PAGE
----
“He was tying a fishing fly, and I’d never seen one tied before,’’ Mr. Gartside told the Globe Sunday Magazine. “That Ted Williams was doing it made it even more magical. . . . He showed me how to tie a woolly worm, a very simple fly, and from that moment on, I was hooked.’’

Working his way through college, Mr. Gartside graduated from the University of Massachusetts at Boston and became a high school English teacher in Boston. As student shenanigans escalated, he decided to seek work elsewhere.

“It’s safer driving a cab at night in Boston than it is teaching in a Boston school during the day,’’ he told Sports Illustrated.

Mr. Gartside also eked out a living from speaking engagements, the sales of self-published books, and selling the fruits of his fly-tying.

He never married, and his sister, the last of his immediate family, died several years ago. His friends and admirers, however, can be found from the North Shore to New Zealand.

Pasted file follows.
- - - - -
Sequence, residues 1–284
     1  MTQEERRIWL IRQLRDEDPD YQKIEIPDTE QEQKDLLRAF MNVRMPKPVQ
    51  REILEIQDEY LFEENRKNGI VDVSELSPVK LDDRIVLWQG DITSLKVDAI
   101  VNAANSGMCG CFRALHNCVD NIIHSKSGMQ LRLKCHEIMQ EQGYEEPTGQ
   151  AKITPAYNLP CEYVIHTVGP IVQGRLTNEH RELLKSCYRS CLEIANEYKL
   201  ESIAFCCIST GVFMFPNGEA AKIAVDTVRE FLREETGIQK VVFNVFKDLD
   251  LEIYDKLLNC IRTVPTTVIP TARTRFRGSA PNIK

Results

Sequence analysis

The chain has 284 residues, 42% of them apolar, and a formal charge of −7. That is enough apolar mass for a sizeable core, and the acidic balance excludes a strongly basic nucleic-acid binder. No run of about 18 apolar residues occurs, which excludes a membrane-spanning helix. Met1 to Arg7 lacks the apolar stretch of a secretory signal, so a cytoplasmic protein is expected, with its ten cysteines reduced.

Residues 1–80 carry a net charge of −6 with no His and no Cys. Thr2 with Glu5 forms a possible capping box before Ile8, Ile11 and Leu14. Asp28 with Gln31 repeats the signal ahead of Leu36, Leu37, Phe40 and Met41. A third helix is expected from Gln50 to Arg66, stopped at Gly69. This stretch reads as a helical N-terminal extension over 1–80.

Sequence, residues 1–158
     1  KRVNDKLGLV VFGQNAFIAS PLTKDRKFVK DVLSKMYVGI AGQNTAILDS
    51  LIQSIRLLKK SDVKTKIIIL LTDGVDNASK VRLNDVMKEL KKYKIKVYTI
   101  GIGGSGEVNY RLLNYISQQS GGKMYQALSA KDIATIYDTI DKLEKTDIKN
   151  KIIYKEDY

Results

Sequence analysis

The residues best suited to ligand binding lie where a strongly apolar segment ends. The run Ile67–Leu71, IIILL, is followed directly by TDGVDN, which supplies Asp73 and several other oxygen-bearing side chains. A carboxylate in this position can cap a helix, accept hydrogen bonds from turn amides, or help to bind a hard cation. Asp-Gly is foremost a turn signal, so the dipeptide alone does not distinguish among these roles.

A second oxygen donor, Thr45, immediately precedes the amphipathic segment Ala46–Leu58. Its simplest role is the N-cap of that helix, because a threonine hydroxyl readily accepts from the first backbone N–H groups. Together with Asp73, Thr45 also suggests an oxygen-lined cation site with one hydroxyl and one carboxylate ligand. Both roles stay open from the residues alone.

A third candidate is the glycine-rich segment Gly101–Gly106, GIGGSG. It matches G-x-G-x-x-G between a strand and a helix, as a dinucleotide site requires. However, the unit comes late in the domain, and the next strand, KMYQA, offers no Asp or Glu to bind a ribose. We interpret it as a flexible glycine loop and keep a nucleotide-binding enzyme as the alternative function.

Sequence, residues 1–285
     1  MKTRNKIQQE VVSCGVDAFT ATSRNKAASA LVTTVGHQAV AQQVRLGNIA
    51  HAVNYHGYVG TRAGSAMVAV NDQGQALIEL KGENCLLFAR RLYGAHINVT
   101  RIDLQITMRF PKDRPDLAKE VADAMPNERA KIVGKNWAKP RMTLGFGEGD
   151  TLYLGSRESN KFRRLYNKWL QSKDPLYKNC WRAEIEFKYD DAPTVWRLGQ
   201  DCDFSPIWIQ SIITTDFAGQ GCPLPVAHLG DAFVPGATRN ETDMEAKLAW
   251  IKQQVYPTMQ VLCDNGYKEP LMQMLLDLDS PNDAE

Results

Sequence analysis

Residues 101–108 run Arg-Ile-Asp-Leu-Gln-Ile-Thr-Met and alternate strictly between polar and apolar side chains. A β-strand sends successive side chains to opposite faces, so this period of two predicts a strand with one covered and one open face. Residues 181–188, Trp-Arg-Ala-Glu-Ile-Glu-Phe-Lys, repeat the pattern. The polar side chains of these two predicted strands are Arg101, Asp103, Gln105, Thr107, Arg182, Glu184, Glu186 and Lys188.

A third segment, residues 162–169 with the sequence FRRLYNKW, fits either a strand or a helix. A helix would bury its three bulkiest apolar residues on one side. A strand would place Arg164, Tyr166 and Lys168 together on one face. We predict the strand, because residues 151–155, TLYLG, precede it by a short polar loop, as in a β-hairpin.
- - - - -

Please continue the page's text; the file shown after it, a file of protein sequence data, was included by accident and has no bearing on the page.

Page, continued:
“He was a fantastic model for someone who wants to go out and explore the world and isn’t necessarily interested in the more commonly tread path in life,’’ Skok said.

A memorial service will be held at 10 a.m. tomorrow in St. John’s Episcopal Church in Winthrop. Burial will be in Woodlawn Cemetery in Everett.

“Perhaps I do resist financial success,’’ Mr. Gartside told the Cleveland Plain Dealer in 1994. “My grandfather always said, ‘There are no luggage racks on hearses, no pockets in shrouds.’ All we have is this life, and it’s up to us to make the most of it.’’

Jack’s Online Blog
Don’t know how long this site will stay up. Some interesting readings, even up to the point of his getting sick. More or less, the notes and observations from the life of an Boston urban angler. Some fun stuff. For locals, it’s like comparing fishing notes on the various fishing spots and holes in the Greater Boston area:



An interesting Man
It takes guts and dedication to lead this mans lifestyle. I am sure he would have been a great time around a campfire.

Thanks for posting this.


i have
this huge desire to buy a winnebago and drive forever, fishing everyplace along the way. if i were independently wealthy i would do it. i keep in the back of my mind that when i retire i could begin to live that life. maybe even be a national park sitter over winters.

A true patriot of flyfishing…